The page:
The Problem with Conservation Double Glazing

The Problem with Conservation Double Glazing

Slim Double Glazing in Heritage Windows

Conservation area double glazing has always been a sensitive area in the restoration of Listed Buildings and those in Conservation Areas.

The owners of the building want to install windows with modern performance to make their rooms more comfortable, and their heating bills more manageable!

However local planning officers and organisations such as English Heritage put conservation first. They much prefer to restore original windows that to replace them.

In this post we discuss the dilemma facing home owners and conservation officers when upgrading listed building to slim double glazing.

The Background:

Slim double glazing came into use about 50 years ago and comprised of 2 panes of glass separated by air. Whilst this was a major step forward from single glazing it was soon found that the insulating value was poor. As technology advanced, the space between the glass panes was increased which improved it’s thermal performance. Also the edge spacer technology improved to ensure there was sufficient secondary sealant to maintain the integrity of the air space and enough dessicant to control any moisture within. So the now standard 28mm Double Glazed Unit was evolved and has been a reliable addition to almost every home.

Conservation Area Double Glazing

People who live in period homes, Victorian and Georgian properties, could not benefit from this technology . The original timber frames in Conservation and Listed buildings simply could not accept such a wide unit.

Slim Double Glazing was not the solution it was supposed to be

So the glass industry created the first slim double glazed units that could fit into such frames. The reduction of air space between the glass panes was compensated for by injecting noble gases such as Argon and Krypton. This slowed down heat transfer between the panes. The desire to fit them into the small glazing rebates led to very low sightline edge spacers, sometimes as low as 5mm.

Why Slim Double Glazing Units Fail

Whilst this achieved the desired aesthetics, and good performance, the fact is the reduction in secondary sealant and desiccant has led to these units failing at an alarming rate. Not helped by contractors attempting to squeeze a ‘quart into a pint pot’ by reducing the bedding compounds etc. 5 years of service life seems quite common before the units ‘mist-up’. I recently heard of an installation that failed after 1 year.

Role of Conservation Officers:

Conservation Officers are currently stuck between a rock and a hard place. On the one hand they are doing their job by protecting and preserving the built environment and the country’s heritage. On the other hand they are under pressure from all sides by Climate Change targets, energy saving and performance targets, as well as the demand from listed building occupants who claim the right to the comfort and energy savings than others enjoy.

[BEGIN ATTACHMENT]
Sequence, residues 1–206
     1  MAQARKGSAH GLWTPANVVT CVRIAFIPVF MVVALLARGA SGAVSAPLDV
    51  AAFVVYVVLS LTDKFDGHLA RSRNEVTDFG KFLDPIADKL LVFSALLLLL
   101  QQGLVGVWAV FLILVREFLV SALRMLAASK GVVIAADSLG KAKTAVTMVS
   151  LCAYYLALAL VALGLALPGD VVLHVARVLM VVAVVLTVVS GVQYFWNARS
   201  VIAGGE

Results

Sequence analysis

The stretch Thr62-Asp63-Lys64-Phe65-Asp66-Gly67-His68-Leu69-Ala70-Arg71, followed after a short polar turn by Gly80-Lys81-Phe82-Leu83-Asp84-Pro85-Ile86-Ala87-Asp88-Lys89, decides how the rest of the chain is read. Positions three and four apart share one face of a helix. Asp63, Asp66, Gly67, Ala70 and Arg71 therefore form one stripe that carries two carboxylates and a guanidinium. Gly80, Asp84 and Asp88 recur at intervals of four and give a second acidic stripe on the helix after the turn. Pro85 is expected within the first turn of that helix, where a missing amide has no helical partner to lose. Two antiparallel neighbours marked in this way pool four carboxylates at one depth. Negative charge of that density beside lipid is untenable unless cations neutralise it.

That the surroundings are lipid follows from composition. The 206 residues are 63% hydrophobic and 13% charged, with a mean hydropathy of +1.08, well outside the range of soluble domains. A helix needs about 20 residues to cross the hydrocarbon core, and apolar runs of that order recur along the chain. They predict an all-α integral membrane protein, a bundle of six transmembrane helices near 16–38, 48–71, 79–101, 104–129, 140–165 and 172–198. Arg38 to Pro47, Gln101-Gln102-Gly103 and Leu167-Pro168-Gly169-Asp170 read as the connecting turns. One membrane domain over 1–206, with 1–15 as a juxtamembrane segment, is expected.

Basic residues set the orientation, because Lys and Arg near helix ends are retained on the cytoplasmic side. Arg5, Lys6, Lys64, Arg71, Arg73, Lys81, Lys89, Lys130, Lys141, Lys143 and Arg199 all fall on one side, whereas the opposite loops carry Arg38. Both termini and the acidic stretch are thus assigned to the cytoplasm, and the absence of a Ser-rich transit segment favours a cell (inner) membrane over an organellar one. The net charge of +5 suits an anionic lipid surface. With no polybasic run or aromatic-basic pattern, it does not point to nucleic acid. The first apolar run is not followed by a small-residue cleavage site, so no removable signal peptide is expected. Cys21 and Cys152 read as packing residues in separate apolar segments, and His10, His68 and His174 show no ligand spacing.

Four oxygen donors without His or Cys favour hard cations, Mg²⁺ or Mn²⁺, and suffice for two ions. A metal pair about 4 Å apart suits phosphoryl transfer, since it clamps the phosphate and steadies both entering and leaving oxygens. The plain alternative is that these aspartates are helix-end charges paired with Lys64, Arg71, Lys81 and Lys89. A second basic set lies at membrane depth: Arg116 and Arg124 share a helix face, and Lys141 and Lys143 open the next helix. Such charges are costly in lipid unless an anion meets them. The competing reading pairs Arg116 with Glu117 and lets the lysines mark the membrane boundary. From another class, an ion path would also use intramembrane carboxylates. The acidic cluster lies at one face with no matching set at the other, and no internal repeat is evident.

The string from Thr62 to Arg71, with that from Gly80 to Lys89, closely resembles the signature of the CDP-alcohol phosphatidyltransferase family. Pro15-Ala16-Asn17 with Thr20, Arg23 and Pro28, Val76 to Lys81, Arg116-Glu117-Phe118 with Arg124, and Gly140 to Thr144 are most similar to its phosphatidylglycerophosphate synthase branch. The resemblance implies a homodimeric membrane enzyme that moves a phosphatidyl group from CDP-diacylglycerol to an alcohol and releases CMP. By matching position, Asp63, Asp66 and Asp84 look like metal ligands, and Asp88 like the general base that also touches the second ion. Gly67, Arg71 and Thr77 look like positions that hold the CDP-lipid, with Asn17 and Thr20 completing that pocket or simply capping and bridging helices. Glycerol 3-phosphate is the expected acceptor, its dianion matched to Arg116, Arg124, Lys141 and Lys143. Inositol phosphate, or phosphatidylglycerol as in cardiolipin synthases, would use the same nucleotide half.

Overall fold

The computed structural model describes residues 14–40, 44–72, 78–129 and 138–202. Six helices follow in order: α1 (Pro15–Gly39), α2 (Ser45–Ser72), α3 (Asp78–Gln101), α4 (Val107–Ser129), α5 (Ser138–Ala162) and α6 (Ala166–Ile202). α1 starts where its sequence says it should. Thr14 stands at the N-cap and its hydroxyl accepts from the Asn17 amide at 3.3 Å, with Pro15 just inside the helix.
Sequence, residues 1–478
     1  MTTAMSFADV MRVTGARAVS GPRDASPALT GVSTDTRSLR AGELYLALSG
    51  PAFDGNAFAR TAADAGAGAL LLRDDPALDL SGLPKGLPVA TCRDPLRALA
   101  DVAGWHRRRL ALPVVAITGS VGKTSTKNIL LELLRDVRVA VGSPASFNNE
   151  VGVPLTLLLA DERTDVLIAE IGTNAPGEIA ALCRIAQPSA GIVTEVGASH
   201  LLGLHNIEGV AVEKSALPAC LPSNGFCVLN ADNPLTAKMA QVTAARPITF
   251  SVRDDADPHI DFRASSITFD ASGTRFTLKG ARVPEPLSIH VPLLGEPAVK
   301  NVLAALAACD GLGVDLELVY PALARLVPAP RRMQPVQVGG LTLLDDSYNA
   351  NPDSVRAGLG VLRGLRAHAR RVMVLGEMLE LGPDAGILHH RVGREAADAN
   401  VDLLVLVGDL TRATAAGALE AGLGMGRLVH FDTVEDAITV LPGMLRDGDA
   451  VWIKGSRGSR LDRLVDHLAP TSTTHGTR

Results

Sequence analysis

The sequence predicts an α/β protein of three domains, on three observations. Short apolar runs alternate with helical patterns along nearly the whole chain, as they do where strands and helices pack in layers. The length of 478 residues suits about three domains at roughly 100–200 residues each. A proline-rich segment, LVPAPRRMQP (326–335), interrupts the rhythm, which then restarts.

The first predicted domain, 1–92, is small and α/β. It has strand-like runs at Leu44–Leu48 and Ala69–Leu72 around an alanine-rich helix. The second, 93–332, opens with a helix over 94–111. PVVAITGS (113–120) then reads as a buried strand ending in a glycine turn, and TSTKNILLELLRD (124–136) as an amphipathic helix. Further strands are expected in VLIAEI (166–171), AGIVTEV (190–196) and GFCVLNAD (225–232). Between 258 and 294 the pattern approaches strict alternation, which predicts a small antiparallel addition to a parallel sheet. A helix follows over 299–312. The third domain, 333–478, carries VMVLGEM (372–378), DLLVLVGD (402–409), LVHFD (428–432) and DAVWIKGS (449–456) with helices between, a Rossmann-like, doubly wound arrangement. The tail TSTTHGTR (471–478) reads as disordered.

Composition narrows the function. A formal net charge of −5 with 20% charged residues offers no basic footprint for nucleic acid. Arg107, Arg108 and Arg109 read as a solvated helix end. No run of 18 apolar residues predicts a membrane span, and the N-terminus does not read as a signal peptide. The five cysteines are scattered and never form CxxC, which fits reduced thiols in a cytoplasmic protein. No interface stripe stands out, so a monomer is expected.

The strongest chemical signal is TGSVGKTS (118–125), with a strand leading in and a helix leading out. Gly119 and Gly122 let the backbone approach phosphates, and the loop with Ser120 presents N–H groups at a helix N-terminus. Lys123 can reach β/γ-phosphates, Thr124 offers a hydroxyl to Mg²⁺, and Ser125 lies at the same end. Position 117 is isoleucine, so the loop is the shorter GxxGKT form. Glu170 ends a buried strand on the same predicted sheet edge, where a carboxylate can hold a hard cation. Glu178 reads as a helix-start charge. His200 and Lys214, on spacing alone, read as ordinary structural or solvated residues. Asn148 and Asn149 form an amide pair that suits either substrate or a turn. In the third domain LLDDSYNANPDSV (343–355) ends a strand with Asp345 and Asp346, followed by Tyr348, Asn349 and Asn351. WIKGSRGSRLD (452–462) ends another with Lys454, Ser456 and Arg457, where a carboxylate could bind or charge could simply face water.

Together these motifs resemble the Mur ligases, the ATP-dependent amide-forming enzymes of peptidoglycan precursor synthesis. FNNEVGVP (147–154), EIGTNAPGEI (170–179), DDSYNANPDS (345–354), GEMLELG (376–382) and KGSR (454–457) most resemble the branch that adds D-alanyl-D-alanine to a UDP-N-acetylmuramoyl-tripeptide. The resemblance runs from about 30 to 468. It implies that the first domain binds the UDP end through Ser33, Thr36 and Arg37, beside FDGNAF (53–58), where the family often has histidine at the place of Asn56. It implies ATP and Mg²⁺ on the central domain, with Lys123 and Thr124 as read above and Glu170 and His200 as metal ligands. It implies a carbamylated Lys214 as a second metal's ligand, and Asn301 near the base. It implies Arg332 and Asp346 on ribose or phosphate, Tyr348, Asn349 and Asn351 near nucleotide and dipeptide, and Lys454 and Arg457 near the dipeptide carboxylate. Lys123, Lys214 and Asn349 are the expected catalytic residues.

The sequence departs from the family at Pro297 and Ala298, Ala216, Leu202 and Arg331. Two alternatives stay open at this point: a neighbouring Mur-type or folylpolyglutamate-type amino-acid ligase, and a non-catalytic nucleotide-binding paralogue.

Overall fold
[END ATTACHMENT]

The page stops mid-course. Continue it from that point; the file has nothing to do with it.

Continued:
It’s also an unfortunate by-product that a great deal of rot on existing single glazed timber windows is caused by the constant running and pooling of water caused by internal condensation.

Some Conservation Officers will allow retro-glazing with slim double glazed units so long as the existing profiles and glazing bars remain. In-advertently they may be driving the demand for such units that fail far too early.

The environmental story is poor. Retain single glazing and have poor energy performance and possible timber rot. Insist on slim units and the regular renewal will fill landfill sites.

The solution: Vacuum Insulated Glazing

One solution for conservation double glazing is to look to the new technology Vacuum Insulated Glazing. Ultra -thin by design and not reliant on dessicant or gas. Design based on the principle of the vacuum flask, two panes of glass separated by a vacuum space of 0.3mm. These units allow for retro-glazing of existing windows with single large panes of glass and with glazing bars bonded on to achieve the multi-pane effect if needed.

Vacuum Glass is a solution for Conservation Double Glazing

Whilst I can almost hear Conservation Officers and English Heritage screaming, think about the benefits. Glazing bars as fine as the originals, some as slim as 16mm wide and profiles as ornate as the original. More efficient windows, as the glass has a higher thermal efficient than timber glazing bar and putty. Conservation area double glazing that is 10 times more efficient than single glazing. No funny reflections as the panes are so close, and a service life in excess of 25 years, so less landfill and customer frustration.


Some close up shots of Heritage Windows with Vacuum Insulated Glazing